Status update: Sold!
Jason Shah has received a great deal of press for his company, I Need a Pencil, a free online SAT prep program. From CNN to People magazine, INeedAPencil.com now has a sleeker website and has gained more than 12,000 new students and handfuls of partner organizations since last year. Now, he's found a buyer. "I am still completing the paperwork and transition," he says "but with graduation [from Harvard University] on the horizon, I have found a larger organization to acquire and grow INeedAPencil.com from this year forward." Shah plans to move to Silicon Valley, where he'll be launching a new tech start-up he says is "focused on making businesses more productive and the average employee much happier."
Status update: Moving on.
Since last year, Jessica Mah and Andy Su both graduated college, moving on from their Coolest College Start-up, InternshipIN. These days, the duo is working full-time with six employees, who are also their friends from college, on inDinero. "It really feels like we're just working on a big class project with each other," Mah says. The team recently moved into a new office five minutes away from the house that Mah shares with three of her employees. InDinero's customer base has grown from 6,000 to more than 10,000 and is set to launch its second version of the product in July. By the end of the year, Mah wants to double her number of customers.
Status update: Growing fast.
A lot has changed for Brent Skoda, founder of CollegeFitness.com. In addition to developing partnerships with colleges such as University of Oklahoma, University of Oregon, and the University of Utah, Skoda has expanded his business in a major way. He won first place in the 2010 Global Student Entrepreneurs of the Year competition. But that's not all. "We developed the world's largest database of restaurant menu nutrition," he says. "It's pretty much changed our life." Skoda has been working his new business, Yumee, for four years. His parent company, Ahkeo, has 15 employees and last year's revenue of about $3.5 million. "I'd like to get to $10 million in revenue…maybe even $15 million," Skoda says.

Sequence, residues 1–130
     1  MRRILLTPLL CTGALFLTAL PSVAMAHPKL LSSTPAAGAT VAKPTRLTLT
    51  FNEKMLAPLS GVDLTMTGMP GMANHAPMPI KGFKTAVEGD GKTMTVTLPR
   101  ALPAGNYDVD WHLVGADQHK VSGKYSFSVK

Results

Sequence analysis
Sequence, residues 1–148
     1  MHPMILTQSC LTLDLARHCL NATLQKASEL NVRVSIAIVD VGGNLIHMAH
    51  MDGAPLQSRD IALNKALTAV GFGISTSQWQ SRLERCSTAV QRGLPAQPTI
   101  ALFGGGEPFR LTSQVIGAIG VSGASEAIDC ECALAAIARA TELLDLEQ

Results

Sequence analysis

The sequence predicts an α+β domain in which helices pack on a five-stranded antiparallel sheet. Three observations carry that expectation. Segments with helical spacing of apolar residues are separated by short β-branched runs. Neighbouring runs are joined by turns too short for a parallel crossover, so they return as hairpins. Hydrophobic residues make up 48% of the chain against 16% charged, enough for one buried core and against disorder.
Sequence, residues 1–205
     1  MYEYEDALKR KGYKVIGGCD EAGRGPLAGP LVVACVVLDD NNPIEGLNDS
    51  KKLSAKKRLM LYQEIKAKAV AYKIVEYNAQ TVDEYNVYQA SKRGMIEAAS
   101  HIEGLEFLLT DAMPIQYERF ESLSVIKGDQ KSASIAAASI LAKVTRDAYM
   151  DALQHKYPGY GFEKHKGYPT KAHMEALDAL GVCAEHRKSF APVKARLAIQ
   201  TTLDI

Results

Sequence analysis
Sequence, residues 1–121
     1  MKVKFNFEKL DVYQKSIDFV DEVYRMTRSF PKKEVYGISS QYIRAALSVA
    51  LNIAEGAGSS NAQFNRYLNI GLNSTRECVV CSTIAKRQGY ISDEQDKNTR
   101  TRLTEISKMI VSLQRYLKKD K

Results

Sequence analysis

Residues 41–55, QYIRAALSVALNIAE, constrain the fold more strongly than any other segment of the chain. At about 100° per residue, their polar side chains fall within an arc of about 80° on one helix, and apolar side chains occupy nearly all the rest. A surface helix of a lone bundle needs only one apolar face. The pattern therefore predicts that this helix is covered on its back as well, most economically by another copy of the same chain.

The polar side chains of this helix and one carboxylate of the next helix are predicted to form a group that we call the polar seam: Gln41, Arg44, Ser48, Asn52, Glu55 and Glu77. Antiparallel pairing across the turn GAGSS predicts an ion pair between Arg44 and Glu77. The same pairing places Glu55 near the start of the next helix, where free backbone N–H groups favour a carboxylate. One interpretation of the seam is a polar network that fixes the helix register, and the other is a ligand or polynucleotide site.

Status update: Seeking new relationships.
The business life is good for Brian Laoruangroch, CEO and founder of Green Mobile. "Since [Inc.com's] article, we were contacted by many readers to open one of our stores," he says. Green Mobile now has three franchise locations and Laorangroch is looking to expand. "I have spent the last two years converting our business model into a franchise that I will be able to grow like McDonalds, Subway, and Cartridge World," he says. Two more franchises are on schedule to open this summer and Laoruangroch hopes to open 10 more across the Midwest by the end of the year.
Status update: Hitting refresh.
Whitney Williams is all about change. Her jewelry collection, Tramonti, is now known as The Whitney Williams Collection. "I have re-structured my business model and now design and make pieces for two of my collections but I am also acting as a buyer, selling jewelry on my site that I get from market," she says. Williams graduated from Texas Christian University in December and is currently working at a start-up public relations firm called Reverse Gravity Marketing while continuing to manage her jewelry collection.
Status update: in a new relationship.
Although the men of GXStudios have split up their old venture, that doesn't mean they've stopped creating. Two of the partners, Matthew Brimer and Brad Hargreaves, have recently launched a new company called General Assembly, an urban campus in New York City for technology, design, and entrepreneurship. Brimer and Hargreaves, along with co-founders Adam Pritzker and Jake Schwartz, received a $200,000 grant from the New York City Economic Development Corporation.
Status update: It's complicated.
A lot has changed for Chris Varenhorst and Justin Cannon, co-founders of Lingt Classroom, an online tool for teaching foreign language. Varenhorst says that "growth has been slow but pretty steady over its two-year life span. It's currently used by [about] 1,500 students and teachers every day." Recently the company announced that its gaming platform has been acquired by Dictionary.com, which will reconstruct the technology into a flashcard product. Varenhorst, who's currently pursuing a masters in computer science at MIT, is running Lingt Classoom, the rebranded product of Lingt Lanuage.
Status update: Hitting refresh. Caroline Rooney's The Bearon is still set on spreading the love. After celebrating her company's third anniversary, Rooney is focused on expanding and reconstructing her T-shirt line. "I want [The Bearon] to become a fashion and lifestyle company," she says, which is why she decided to reconstruct her website, grow her blog and launch her new jewelry line, Shine.
Status update: Comfy.
Ryan Dickerson, founder of the Rylaxer, the bed-transforming pillow, reached his goals for 2010. Not only has he continued to sell his product and expanded into the college market but also he's preparing to introduce a few more products. "We have started partnering with a couple student storage and move-in services," he says. "We are also unveiling a new product in a month or two called the Quarterback…a more refined, smaller, and more efficient product designed for one user." Dickerson decided to stay at Syracuse University to pursue a master's degree in entrepreneurship. "Since we have been doing so well, the school has offered four of us free tuition to stay and grow the business," he says. —Gabrielle Blue